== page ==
CBD an Introduction and History
Cannabis plants contain 80+, naturally occurring active compounds called cannabinoids. Cannabidiol (CBD) is one of these compounds found in all cannabis plants. Tetrahydrocannabinol (THC) is the most well-known cannabinoid and is associated with marijuana’s psychoactive properties. Unlike THC, CBD does not cause a HIGH or STONED feeling. There are two different types of Cannabis plants hemp and marijuana. These two plants differ in their cannabinoid types and levels, but come from the same plant Cannabis Sativa L. Both hemp and marijuana can be used to produce cannabidiol products. Dating back to the ancient civilizations, the cannabis plant has been used for many things from medicine to paper.
History of CBD
Ancient CBD/Hemp use
Archaeologists believe the plant species “Cannabis Sativa,” dates back 10,000 years. Hemp was discovered first in Taiwan where farmers used hemp seeds to condition their soil. These people also found that hemp seeds have high levels of protein, vitamins, and amino acids. During this time, hemp seeds were used so frequently that they became essential to human civilization. Around 6,000 B.C. hemp was published in the oldest pharmacopeia “Pen Ts’ao Ching” where the ancient Chinese found that cannabis plants have either male or female reproductive properties. This was the beginning of understanding the difference between ‘hemp’ and ‘marijuana’
In 2737 B.C. Hemp is recorded as being used by Chinese Emperor Shen-Nung as medicine. Text published, in Pen Ts’ao Ching suggests that the emperor extracted hemp oil from the plant’s seeds for pain treatment and made topical salves for treating skin rashes and irritation. Decades later, King Henry VIII required the cultivation of hemp in England which was used to make clothing and building materials. Then in 1616, settlers traveling from Europe brought hemp to North America, and by 1619 it was again mandated that the plants were cultivated for various purposes. By the 1700’s hemp became prevalent on the content of Africa, where amongst other uses, the plant was given to pregnant women before childbirth. In the 1800’s the medical use of hemp becomes more common in the US and Europe. Queen Victoria used CBD rich cannabis to treat menstrual pain.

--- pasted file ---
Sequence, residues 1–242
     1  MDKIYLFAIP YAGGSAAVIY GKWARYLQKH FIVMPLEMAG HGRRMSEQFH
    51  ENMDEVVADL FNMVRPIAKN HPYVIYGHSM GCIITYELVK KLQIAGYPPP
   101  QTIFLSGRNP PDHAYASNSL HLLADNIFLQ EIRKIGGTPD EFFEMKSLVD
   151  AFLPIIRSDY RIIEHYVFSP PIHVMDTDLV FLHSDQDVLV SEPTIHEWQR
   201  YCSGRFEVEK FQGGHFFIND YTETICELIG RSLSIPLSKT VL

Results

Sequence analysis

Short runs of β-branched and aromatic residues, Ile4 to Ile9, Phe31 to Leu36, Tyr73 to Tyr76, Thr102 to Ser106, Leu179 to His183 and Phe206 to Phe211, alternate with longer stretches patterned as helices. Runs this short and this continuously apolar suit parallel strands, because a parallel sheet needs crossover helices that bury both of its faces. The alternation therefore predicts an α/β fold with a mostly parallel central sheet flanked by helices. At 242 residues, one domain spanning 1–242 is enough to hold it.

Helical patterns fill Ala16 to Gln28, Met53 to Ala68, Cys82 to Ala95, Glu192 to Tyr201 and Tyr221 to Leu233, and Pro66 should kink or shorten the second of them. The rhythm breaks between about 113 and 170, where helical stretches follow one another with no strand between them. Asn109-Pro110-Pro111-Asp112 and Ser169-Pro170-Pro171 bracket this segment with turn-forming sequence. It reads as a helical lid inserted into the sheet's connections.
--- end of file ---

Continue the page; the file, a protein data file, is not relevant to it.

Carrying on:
Fast forward to 1900’s during the Mexican Revolution. With large amounts of Mexican immigrants coming to the US, who introduced the recreational use of cannabis and propaganda against these foreigners, sparked the criminalization of all cannabis products in the United States. This was a defining time in the cannabis industry and by the 1980’s marijuana cultivators worldwide were on one mission: to grow the most potent, most psychoactive cannabis on the market. Because of this, cultivation of plants that were rich in other cannabinoids like CBD was far less.
Then, in the 1980s, President Ronald Reagan poured millions of dollars into a study to prove that marijuana damages the human brain. But, rather than showing how marijuana harms the brain, the Reagan administration ended up subsidizing a series of studies that culminated in the discovery of the endocannabinoid system, expanding our understanding of how cannabinoids interact with the human body.
How CBD works
Unlike its cannabinoid cousin, Tetrahydrocannabinol (THC) Cannabidiol (CBD) does not produce a psychoactive effect. This is because CBD does not affect the same receptors that THC does. The human body has an endocannabinoid system that receives transmissions signals from cannabinoids in the body.
CBD produces many beneficial effects on the human molecular pathway. As a matter of fact, there are more than 65 molecular targets of CBD in the body. A CBD rich product with little THC can convey therapeutic benefits without having a euphoric or dysphoric effect. In order for CBD to work properly, CBD SHOULD BE the main substance in any CBD Oil that you purchase.
Can you take too much?
Cannabidiol and other cannabinoids are known to be non-toxic, without any known fatal overdose levels reported. The previously mentioned study from 2011 indicated that chronic use and high doses up to 1,500 mg/day of CBD are reportedly well tolerated in humans. Furthermore the Department of Health and Human Services states, ‘no signs of toxicity or serious side effects have been observed following administration of cannabidiol to healthy volunteers (Cunha et al., Pharmacology 21:127-185, 1980), even in large doses of 700 mg/day (Consroe et al., Pharmacol, Biochem, Behav. 40:701-708,1991)
Full Spectrum and the Entourage effect
Many CBD oils on the market contain only CBD, and others are “full spectrum” or “broad spectrum” these oils contain a range of cannabinoids such as CBN, CBC, CBG and THCA. A wider cannabinoid spectrum can aid in what is known as the entourage effect. The belief that cannabinoids have greater therapeutic benefits when working together rather than acting as a single molecule. The interaction of more than one cannabinoid stimulates the endocannabinoid system and the molecular interaction.
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